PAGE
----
Tuesday, October 6, 2015


Were the days before  went too sleep and woke up in an existence where everything had been made digital? Was the intangible essence we refer to as "reality" made even more undefinable when retail shopping was vanishing form city streets, movies could be watched on the internet and we no longer had to wait until we got home to find out who had been trying to call us? One of the qualities of living beyond the expected expiration date is that you have more first history to reflect upon. What was distant in your twenties and thirties become more vivid the closer you come to fewer days left on the planet. Morbid reflection arises, depression sets in, and certainly, life in this current week seems less significant and action packed than all those weeks you frolicked around in as a younger man, full of life and  verve and no plans.

 On a basic level I would agree  that experience was more nuanced and greater meaning in other years before technology encroached on that private psychic space we and made our pleasures less joyful, cheaper, less resonating, but that level would be emotional, not really sociological. History, in a very strong sense, has been technology and capitalism 's constant debasement and de-centering of the personal, the meaningful, the authentic; gadgets of all sorts, whether the printing press, radio, movies, television, public universities, have reduced previous centers of cosmology-cohering , rearranged social arrangements between classes and institutions and made everyone with half a wit rethink what they thought they knew and construct their own version of being thrown out of Eden. And the same nay sayers to progress--progress in this sense being neither positive nor negative but rather being inevitable, unavoidable despite the appearance of resistance-- that what was in place was better because things were slower, richer, more nuanced.

Yes, quantity changes quality, but Engels, credited with coining that pert phrase, neglected that the change needn't be for the worse; in many cases it can be argued that technology , with it's capacity to create new kinds of contexts in which experience is had, registered and expressed, has improved quality. More often than not, though, my guess is that what Engels and prematurely bleeding deacons like Jonathan Franzen miss is that things change because they have to--change is the only constant--and that however much we want to regard ourselves as a culture of educated , discerning individuals, we have a herd mentality; men and women are species being who behave as such. Our principle difference with other animals in regard to our basic responses and reactions are that we language skills that helps create the philosophy and art that helps us believe that we make everyone of our decisions through the choice use of free will. Some of us are smarter than others, though (yes, I believe that) and one is tasked with making the best choices about what to WITH the new technologies rather than grouse and complain that something need to be done ABOUT the new world that is constantly unfolding. Franzen, champion of  the perfect past where emotions were real and not push responses to media stimulation,  is not a moralist about good virtues and a better life that is now gone, he is an obsessive crybaby who trades in nostalgia as a means of making himself distinct from other literary sorts who want to be cultural critics . The word "trade in the previous sentence is used advisedly, as it seems to keep him in the news when he hasn't a new novel to sell. This is Jonathan Franzen making a living..His mourning over an idealized past isn't a moving paen at this point, it's schtick.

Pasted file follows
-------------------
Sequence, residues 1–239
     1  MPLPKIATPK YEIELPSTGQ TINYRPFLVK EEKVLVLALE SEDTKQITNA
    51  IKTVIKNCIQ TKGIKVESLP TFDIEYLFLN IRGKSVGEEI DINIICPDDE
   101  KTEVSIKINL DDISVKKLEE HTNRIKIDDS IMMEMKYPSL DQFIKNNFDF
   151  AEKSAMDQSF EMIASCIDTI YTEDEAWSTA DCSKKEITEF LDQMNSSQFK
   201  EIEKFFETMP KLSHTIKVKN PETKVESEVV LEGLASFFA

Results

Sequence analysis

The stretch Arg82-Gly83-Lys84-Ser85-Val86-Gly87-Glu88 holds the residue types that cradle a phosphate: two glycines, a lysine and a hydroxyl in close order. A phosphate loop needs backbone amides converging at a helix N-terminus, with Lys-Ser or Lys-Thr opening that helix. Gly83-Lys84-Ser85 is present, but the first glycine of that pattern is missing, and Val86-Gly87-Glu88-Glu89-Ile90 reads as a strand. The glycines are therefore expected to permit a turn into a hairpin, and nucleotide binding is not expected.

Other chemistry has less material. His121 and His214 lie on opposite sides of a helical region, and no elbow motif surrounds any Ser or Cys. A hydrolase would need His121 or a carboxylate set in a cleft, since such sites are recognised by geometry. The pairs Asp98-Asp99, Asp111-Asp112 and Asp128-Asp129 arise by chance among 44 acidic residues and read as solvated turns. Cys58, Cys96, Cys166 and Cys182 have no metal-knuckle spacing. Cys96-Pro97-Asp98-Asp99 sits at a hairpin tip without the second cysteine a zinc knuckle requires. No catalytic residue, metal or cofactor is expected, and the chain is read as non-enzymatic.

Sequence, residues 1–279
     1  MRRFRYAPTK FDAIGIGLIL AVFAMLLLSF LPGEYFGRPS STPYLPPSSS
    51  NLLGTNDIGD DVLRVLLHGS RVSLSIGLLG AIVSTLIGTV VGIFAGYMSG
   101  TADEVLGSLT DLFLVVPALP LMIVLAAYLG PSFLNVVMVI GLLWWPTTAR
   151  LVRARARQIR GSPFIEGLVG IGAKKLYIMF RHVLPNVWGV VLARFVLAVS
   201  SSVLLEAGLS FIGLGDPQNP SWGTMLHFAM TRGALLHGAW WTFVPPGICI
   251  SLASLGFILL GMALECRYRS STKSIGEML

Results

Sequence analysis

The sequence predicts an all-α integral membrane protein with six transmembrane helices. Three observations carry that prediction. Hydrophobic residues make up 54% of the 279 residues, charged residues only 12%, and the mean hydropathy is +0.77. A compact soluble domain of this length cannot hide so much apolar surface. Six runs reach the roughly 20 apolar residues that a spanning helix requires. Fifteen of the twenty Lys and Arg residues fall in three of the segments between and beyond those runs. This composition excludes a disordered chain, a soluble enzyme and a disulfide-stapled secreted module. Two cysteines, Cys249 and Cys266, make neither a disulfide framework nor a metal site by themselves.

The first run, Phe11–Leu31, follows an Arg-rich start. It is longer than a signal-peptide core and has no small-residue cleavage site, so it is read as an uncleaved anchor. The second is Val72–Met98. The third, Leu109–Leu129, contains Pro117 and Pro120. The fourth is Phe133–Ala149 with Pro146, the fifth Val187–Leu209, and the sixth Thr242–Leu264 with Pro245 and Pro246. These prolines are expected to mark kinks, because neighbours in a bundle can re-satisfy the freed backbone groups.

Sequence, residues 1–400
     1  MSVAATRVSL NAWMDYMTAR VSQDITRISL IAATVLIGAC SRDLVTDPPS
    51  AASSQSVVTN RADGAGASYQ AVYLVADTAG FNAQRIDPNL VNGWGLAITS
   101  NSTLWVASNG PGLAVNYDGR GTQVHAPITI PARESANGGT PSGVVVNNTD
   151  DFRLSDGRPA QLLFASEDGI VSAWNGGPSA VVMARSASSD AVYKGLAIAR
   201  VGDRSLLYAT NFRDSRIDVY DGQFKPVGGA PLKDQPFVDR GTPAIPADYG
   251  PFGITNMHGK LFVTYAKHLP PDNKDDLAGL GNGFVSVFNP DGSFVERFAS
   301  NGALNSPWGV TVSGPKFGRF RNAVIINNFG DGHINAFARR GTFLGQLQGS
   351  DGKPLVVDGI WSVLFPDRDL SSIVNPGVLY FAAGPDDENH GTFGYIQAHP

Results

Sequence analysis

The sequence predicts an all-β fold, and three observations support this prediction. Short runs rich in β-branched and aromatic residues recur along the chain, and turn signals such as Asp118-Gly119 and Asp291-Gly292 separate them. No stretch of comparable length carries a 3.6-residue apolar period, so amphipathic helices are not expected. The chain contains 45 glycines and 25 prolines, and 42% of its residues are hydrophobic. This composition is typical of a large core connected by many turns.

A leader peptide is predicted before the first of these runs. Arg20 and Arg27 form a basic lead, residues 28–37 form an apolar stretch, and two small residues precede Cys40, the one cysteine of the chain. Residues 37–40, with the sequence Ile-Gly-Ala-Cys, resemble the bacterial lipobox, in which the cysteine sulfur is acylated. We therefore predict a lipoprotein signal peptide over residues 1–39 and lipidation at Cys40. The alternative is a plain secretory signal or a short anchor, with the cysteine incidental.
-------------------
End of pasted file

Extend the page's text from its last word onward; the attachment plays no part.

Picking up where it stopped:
I mind because for me it's more than he's working a schtick instead of lodging a fresh complaint. Style is everything when it comes to getting your insights to a readership and, I think, style is a function of personality. Franzen's fussy, worrisome, dinner- table fidgeting gets in the way of his contrasts. The problem is largely is that every instance he has to luxuriate more in is discontent in the "public sphere" (such as it is), he takes as an opportunity to commit autobiography and that, I believe, is an inverse narcissism . I find it disconcerting that a man who talks about the good old days when people engaged each other in a better, mythic space cannot , himself, engage the world he finds himself in. It's about his own comfort, finally, and his regrets that the coffee does not taste quite as good as it did decades ago makes him an old maid, not a seer.

Millions, it seems,  protest, bemoan and berate what technology has brought us, namely a loss of intimacy and privacy , but this has been the complaint through history--technology upsets a generation's set of coping mechanisms they expected to be in place forever and convinced themselves that their inevitably short-lived equlibrium was a state given to them by God and intended to be permanent. There is a great literature about those who preferred the old days to the new--Pound, Eliot, Mailer, The Fugitive School --in which the bemoaning was merely a starting point for legitimate philosophical differences with the newer, trendier vocabularies. It should be noted that these writers generally avoided bringing their own lives into their screeds. Franzen is a hold over from Tom Wolfe's "Me Generation" in which everything that happens in the world is an event happening to him. His self-reference kills what insight he might have started with.
aking a living. His mourning over an idealized past isn't a moving paen at this point, it's schtick.